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Help with Physical Vector problem

  1. Dec 30, 2014 #1
    This is a repost because i realized i put it on the wrong forum section.

    After getting Kleppner and Kolenkow's second edition textbook I began my exploration of physics. I'm a sophomore in high school and VERY ignorant in regards to physics so if this question make no sense set me straight. I would appreciate it you told me what mistakes I made throughout the problem and how you would solve it.

    I devised the following problem for myself:

    Asteroid 1 with a Mass of 300 Kg and a Velocity of V = (20i + 4j - 12z) collides with Asteroid 2 with a Mass of 1800 Kg and a Velocity of V = (-3i - 16j -32z). What is the Angle between the two Asteroids after the collision? What are the two Asteroid's velocities after the collision?

    1. I found the Momenta of the two asteroids. (P1 is Asteroid one's momentum. P2 is Asteroid two's momentum.)

    Because mass is a scalar quantity, I multiplied the Components of velocity by Mass.

    P1 = 300(20i + 4j - 12z) = (6000i + 1200j - 12k)

    P2 = 1800(-3i - 16j - 32z) = (-5400i - 28800j - 57600k)

    2. Then I got the Angle between the two Momenta Vectors.

    cos (θ) = (P1 ⋅ P2) / |P1||P2| = 72.18°
    My problem is that i dont know how to obtain the Asteroid's momentum or Velocity after the collision.
     
  2. jcsd
  3. Dec 30, 2014 #2
    You requested that you should be set straight, so excuse me for my corrections.
    You did not multiply the mass to the z-component of Asteroid's velocity; it should be

    P1 = (6000i + 1200j - 3600k) kg m/sec
    There are too many unknowns that are needed to answer your specific question. For example, was the collision inelastic? Was it elastic? Did the asteroids break apart into significantly massive pieces? Do you know the momentum of one asteroid after the collision? From what you were given so far, the problem can't be solved until you have more information.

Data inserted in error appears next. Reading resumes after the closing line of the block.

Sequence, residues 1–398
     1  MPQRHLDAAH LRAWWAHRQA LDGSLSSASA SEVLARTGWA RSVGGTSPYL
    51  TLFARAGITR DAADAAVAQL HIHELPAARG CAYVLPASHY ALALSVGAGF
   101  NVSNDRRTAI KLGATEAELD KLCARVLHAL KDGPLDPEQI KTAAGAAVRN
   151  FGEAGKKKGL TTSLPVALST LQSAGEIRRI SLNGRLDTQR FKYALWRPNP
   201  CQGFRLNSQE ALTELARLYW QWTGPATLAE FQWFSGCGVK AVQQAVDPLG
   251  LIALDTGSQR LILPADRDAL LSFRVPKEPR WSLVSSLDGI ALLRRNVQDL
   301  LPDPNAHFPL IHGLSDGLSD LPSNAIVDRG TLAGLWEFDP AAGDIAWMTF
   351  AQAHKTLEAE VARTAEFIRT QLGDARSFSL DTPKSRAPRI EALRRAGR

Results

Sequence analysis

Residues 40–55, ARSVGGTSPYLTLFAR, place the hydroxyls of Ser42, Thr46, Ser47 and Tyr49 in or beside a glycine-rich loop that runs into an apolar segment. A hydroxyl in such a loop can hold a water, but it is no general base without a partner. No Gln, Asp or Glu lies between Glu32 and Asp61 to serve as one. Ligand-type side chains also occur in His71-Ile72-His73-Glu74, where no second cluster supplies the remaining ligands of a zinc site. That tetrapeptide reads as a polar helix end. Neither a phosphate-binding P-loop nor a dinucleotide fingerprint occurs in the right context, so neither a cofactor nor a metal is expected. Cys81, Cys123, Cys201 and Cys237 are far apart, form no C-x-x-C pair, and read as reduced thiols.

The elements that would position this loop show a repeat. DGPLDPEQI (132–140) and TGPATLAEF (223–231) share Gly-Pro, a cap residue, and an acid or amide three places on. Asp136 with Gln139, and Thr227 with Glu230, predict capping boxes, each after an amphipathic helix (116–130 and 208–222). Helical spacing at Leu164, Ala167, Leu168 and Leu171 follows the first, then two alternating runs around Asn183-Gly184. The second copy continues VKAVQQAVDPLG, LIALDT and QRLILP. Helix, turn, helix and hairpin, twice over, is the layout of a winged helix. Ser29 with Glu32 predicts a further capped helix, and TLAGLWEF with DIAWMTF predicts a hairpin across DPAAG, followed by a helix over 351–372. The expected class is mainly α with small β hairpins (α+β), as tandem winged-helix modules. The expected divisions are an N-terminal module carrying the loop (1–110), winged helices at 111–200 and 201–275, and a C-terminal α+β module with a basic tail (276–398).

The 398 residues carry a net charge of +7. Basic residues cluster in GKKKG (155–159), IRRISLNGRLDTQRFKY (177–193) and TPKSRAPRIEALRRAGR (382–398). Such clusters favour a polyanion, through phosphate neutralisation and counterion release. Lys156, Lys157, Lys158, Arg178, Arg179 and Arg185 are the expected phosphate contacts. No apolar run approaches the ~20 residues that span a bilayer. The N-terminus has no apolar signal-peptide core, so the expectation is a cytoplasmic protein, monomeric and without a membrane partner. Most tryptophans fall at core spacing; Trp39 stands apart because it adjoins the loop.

4. Dec 30, 2014 #3
    Thank you. I multiplied the z component on paper i just forgot to type it up. the collision is inelastic. I didn't know you you needed one of the Asteroid's momentum after the impact, it seems like there is plenty of information to derive each Asteroid's velocity without it.
     
  5. Dec 31, 2014 #4

    NascentOxygen

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    Staff: Mentor

    To turn this into a legitimate exercise, imagine that the smaller body cleanly embeds itself into the larger one---determine the velocity of the combination. What change in speed has the larger body undergone?
     
  6. Dec 31, 2014 #5
    Now it can be done; this is an example of a perfectly inelastic collision. The sum of the initial momentum of the two asteroids would equal the momentum of the combined asteroid after the collision. Now you would have enough information to solve the problem.
     
  7. Dec 31, 2014 #6
    thank you. I think I know what you mean.
     
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